An analysis of body weight and hemodialysis adequacy based on the urea reduction ratio... including commentary by Brunt H with author response
NLM Title Abbreviation
The purpose of this study was to evaluate inadequate hemodialysis risk in patients with body weights in the upper quartile of a sample distribution using the urea reduction ratio (URR). Using a case-control design and a simple (n = 315) of hemodialysis (HD) patients, postdialysis weights were divided into quartiles based with a cut-off value at the upper quartile, which was equal to >/= 81 kilograms (kg). The dichotomous outcome, URR >/= 65% and URR /= 81 kg group were given more dialysis session time in minutes and used higher efficiency dialyzers as indicated by the coefficient of ultrafiltration (KUf), yet were more likely to have URRs /= 81 kg group were given more dialysis session time in minutes and used higher efficiency dialyzers as indicated by the coefficient of ultrafiltration (KUf), yet were more likely to have URRs 81 kg experienced an increased risk of inadequate dialysis when compared to all others (OR 4.02, 95% CI [confidence interval] 2.217-7.29). A postdialysis weight >/= 81 kg increased the risk of inadequate dialysis for patients in this sample. This effect was confounded by a dialysis time x weight interaction term. Also, women were found to have a lower inadequate dialysis risk compared to men after adjusting for weight classification. We, therefore, conclude that patients who weigh >/= 81 kg may experience inadequate dialysis despite longer, more efficient dialysis sessions. Longer dialysis sessions may benefit some patients, but the effect in larger patients may not be a uniform response.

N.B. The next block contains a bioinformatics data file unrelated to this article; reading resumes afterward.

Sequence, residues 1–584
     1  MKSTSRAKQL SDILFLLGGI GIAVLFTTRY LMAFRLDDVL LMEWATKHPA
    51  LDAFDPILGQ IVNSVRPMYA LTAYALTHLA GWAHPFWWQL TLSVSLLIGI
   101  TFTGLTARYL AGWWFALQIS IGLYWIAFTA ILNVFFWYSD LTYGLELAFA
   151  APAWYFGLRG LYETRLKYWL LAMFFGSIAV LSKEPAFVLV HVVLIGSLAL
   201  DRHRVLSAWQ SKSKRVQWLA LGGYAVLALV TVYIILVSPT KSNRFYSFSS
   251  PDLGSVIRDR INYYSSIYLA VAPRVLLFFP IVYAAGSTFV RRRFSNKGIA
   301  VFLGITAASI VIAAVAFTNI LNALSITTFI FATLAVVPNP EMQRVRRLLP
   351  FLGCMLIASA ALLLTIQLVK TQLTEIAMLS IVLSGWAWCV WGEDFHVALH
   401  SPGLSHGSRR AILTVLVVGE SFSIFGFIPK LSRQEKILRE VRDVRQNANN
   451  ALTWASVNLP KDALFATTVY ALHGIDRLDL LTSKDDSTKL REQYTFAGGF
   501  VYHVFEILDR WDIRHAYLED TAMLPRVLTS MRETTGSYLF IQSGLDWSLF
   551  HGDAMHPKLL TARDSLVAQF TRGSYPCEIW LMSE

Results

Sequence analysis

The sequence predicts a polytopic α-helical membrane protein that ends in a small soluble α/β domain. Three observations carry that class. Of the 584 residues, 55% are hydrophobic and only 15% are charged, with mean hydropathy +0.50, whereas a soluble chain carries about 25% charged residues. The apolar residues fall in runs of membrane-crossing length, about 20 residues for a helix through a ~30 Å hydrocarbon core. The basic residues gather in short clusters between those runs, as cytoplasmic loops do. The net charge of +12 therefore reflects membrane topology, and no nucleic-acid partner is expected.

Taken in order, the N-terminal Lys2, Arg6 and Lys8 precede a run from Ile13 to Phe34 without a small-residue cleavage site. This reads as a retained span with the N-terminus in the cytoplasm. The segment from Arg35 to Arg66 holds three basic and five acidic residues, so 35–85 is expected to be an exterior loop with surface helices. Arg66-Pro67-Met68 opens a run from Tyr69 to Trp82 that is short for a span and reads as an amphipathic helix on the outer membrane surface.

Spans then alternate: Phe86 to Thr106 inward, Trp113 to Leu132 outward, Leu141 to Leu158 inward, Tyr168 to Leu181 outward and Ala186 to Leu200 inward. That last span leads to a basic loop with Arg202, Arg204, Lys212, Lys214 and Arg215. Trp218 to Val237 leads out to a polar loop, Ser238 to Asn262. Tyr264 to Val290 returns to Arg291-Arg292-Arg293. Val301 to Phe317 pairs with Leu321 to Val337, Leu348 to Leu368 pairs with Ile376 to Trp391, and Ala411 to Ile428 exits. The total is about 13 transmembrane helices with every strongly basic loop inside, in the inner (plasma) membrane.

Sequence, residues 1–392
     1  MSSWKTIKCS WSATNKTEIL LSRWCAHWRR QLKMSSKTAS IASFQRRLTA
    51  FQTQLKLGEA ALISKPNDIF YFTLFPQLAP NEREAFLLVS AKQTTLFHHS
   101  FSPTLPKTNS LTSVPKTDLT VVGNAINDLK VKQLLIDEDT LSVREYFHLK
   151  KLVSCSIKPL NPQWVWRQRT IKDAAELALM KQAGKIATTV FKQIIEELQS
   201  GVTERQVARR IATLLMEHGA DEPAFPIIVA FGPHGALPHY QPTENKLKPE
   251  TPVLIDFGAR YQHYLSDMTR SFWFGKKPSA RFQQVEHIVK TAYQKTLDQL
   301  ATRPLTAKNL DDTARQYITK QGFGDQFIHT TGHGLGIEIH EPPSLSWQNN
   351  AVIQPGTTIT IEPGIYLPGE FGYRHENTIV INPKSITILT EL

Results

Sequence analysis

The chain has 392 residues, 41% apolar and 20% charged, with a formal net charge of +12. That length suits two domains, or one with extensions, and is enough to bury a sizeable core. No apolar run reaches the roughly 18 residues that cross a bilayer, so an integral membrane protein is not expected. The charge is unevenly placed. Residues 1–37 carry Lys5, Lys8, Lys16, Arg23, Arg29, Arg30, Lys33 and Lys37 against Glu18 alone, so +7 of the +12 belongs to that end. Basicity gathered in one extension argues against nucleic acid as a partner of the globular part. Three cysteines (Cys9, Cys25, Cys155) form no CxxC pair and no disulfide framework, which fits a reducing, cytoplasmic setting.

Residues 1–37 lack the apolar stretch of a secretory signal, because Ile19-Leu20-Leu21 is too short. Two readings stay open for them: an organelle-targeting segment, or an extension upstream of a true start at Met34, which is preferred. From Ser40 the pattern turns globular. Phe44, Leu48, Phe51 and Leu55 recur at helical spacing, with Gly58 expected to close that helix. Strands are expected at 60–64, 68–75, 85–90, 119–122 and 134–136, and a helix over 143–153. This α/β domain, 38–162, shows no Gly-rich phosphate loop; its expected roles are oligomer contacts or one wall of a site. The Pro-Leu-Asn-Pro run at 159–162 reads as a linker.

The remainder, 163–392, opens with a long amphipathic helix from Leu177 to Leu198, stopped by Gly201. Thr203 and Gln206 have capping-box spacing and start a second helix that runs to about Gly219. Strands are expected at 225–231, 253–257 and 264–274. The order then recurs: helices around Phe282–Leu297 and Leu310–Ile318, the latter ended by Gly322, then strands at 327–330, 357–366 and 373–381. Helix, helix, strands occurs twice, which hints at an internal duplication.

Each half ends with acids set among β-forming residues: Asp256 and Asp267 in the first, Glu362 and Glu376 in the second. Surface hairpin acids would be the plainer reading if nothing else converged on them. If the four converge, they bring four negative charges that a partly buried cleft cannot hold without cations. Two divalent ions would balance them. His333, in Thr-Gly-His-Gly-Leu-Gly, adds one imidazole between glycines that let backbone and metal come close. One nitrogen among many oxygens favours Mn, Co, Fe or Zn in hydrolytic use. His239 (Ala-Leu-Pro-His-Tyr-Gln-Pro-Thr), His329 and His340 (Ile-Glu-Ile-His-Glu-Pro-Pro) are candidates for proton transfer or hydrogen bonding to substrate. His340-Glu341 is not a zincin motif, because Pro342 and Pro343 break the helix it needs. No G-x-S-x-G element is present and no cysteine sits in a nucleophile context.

Hemodialysis -- Evaluation, Urea, Body Weight, Treatment Outcomes -- Evaluation, Blood Urea Nitrogen, Blood Specimen Collection, Odds Ratio, Case Control Studies, Random Sample, Retrospective Design, Logistic Regression, Analysis of Variance, Analysis of Covariance, Human
Published Article/Book Citation
ANNA Journal, 26:4 (1999) pp.391-401.